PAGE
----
The sun that was shining that day made the animal bleed profusely. As it went along, we followed it until we got close to it, and I then shot it again. It then started to run to its death. We then followed behind it again. If it climbed up a hill, we followed it; if it climbed down, we climbed down too.

We were very encouraged because it was not running and looking back. Also, it was clear to us that nothing would prevent it from falling eventually. Since we were in the forest, it was not clear how any one of us could drag it. But if we had left the animal and gone back, others would bring the corpse to us in a few days. I had shot it three times but hardly scratched it.

As we continued to hunt the bushcow and came close to it, I shot it a fourth time and it started its running again. This time it would go toward the forest and then toward the road, like a drunken person. We expected it to fall, but it did not fall. At that time I told my group that I was tired. Iheukwu then said that we should not abandon the beast, but just rest a little. I asked him what we had to rest with, was it kola or pepper, and told them that we should leave because I did not have an ounce of strength left. Iheukwu then told me to give him the gun, and he would go and look for the animal.

I then gave him the gun, gave him bullets, and showed him how to shoot the double-barreled gun. I then sat down in fatigue, hunger, and thirst. At the same time, I was thinking about how to leave the forest in case leaving should become necessary. I could not tell where we entered the forest or where we could get out. While I was thinking about these things, what I heard was, "Master, he has killed me." I turned around and saw Nwankwo coming on the run. I asked him "What is it?" but Nwankwo did not stop, let alone speak to me. Since I saw only Nwankwo but not Iheukwu, I said there must have been a disaster. If the bushcow did not kill Iheukwu, Iheukwu would have killed the bushcow. I then ran to the place where I heard a commotion. As I went, I was calling out, but no one answered me. When I looked carefully and saw where the animal was standing in a certain corner of the forest, I did not know what to do, because I had nothing but a knife. I did not know where Iheukwu had been, so I could find out the location of the gun I had given him. He kept pointing to the place where he had let it fall, when the animal came out fighting.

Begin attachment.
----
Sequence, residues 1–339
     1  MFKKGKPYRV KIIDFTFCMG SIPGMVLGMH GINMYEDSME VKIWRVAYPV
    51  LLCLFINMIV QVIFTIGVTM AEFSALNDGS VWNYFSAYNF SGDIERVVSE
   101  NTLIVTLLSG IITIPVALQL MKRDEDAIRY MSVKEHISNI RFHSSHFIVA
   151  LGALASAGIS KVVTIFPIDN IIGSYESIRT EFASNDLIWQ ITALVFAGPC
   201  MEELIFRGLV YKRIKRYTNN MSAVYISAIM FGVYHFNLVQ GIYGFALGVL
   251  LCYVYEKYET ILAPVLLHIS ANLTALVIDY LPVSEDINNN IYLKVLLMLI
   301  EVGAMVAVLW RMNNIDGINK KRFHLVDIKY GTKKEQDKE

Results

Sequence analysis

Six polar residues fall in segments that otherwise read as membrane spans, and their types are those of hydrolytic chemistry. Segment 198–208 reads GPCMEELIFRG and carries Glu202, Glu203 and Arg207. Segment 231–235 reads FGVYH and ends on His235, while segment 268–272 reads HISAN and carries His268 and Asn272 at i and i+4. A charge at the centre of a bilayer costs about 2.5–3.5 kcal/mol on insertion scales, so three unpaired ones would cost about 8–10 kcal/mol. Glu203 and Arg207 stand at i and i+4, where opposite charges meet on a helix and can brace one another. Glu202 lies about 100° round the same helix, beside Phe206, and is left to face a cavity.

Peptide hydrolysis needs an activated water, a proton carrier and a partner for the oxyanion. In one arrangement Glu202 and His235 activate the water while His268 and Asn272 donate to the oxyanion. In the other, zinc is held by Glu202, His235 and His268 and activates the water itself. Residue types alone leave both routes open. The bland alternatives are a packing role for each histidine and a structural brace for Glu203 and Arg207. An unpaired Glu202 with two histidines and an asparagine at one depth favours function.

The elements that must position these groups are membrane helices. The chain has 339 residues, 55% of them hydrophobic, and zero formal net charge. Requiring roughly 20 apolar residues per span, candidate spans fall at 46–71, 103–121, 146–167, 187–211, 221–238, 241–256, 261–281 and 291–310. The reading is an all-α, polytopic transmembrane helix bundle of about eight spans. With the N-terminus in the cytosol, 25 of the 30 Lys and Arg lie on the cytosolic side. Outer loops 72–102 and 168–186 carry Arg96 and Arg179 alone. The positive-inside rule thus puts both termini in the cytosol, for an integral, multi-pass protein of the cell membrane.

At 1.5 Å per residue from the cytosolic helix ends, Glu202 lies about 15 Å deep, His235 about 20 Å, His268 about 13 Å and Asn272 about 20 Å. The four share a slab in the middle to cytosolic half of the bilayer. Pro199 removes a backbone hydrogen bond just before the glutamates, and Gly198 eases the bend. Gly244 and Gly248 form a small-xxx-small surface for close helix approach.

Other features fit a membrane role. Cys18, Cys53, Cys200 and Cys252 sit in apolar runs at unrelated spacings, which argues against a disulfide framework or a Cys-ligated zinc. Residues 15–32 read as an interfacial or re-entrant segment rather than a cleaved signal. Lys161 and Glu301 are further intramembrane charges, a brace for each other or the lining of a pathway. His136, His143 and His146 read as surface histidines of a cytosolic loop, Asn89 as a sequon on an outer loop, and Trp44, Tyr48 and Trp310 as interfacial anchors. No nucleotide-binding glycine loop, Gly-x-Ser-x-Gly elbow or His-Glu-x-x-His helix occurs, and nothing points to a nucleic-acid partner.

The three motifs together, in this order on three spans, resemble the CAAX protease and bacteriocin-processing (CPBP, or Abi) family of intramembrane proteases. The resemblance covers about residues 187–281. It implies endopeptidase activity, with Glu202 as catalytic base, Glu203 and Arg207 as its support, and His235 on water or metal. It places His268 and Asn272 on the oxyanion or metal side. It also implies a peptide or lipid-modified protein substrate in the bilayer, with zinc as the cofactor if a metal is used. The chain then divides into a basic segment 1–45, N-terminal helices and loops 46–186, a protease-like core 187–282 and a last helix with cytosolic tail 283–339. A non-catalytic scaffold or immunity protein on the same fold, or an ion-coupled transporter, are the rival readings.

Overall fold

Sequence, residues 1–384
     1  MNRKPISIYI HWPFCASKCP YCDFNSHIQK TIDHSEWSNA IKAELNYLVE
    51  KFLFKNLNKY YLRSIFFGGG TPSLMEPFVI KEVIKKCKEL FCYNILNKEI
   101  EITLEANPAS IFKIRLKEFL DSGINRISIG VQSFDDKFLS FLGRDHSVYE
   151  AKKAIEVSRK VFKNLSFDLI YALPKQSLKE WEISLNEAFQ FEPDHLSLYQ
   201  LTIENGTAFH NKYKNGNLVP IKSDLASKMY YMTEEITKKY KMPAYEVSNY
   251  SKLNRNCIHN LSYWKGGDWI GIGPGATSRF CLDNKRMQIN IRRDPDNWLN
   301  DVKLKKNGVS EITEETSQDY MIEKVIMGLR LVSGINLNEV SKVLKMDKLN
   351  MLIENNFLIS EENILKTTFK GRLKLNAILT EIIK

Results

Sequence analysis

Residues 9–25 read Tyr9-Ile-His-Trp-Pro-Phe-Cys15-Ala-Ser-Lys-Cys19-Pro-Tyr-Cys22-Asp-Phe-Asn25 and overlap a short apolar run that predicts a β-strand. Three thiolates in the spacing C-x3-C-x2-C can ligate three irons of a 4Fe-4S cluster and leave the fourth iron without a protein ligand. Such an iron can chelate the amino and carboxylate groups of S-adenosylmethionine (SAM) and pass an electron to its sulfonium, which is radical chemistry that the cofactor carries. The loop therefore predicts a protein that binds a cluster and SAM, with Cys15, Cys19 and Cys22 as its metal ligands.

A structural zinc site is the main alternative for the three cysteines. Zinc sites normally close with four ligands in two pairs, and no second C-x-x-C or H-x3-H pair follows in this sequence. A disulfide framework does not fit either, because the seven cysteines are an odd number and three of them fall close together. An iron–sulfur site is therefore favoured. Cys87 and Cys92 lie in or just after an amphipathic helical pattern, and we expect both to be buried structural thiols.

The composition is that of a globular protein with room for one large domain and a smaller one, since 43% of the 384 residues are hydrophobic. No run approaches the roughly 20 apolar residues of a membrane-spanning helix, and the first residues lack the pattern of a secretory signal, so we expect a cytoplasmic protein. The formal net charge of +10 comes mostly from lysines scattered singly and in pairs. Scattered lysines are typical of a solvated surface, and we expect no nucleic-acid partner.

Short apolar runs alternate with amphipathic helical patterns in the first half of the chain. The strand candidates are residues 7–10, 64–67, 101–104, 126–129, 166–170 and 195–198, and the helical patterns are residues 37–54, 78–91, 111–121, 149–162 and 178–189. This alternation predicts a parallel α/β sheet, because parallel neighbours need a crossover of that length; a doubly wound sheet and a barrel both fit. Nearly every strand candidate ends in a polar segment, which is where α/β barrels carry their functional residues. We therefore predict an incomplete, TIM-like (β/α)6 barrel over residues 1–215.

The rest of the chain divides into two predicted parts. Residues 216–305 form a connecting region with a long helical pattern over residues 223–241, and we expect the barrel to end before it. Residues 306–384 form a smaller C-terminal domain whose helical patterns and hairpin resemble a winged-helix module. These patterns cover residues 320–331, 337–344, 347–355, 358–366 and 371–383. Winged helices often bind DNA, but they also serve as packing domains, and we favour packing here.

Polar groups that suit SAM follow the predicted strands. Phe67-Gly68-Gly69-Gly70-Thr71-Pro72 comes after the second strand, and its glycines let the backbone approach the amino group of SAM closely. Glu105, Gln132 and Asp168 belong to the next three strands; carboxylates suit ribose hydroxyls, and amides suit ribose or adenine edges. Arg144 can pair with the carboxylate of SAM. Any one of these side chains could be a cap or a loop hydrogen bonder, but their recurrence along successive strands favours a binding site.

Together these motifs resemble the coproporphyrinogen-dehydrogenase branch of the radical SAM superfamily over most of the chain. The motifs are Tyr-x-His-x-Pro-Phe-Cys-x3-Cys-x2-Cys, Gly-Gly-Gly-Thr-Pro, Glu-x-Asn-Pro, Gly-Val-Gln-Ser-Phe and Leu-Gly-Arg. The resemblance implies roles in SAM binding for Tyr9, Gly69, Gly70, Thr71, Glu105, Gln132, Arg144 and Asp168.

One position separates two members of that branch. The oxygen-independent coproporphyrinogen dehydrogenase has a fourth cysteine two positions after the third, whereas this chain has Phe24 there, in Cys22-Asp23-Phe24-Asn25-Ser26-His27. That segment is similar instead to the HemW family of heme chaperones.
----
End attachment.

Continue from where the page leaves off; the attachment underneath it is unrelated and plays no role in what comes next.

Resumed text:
While I was looking for the place where the gun was in the path so I could retrieve it, the animal fell down the way a big kola tree which had been chopped down would fall. Thanks be to God that it did not fall on Iheukwu where he was lying on the ground. When I looked for the gun and examined it, the bullets were still in it; I then aimed at the beast and shot it again. I did not know that what I shot this final time had already become a corpse. When I found out that the animal had died, I called Nwankwo and told him to come, that the animal had died, and he then laughed in delight. But when Nwankwo and I tried hard to lift it, we saw that he was bleeding, which showed that his laughter was forced. He would have shouted, except that he was holding his intestines in his hand.

We then took a cloth and bandaged his stomach. Since he was able to walk, we began to look for the exit road. When we had gone something like ten or more paces, Iheukwu said that it would be necessary to put a special mark on the beast, and that we should snip a piece off one of its ears to use to tell the people at home what had happened. In addition, someone else might contest for it, because the tortoise roasted yam in the fire and tied a string on it, saying that it would not be difficult for a person's property to become another person's property. We then reached home as you see us now."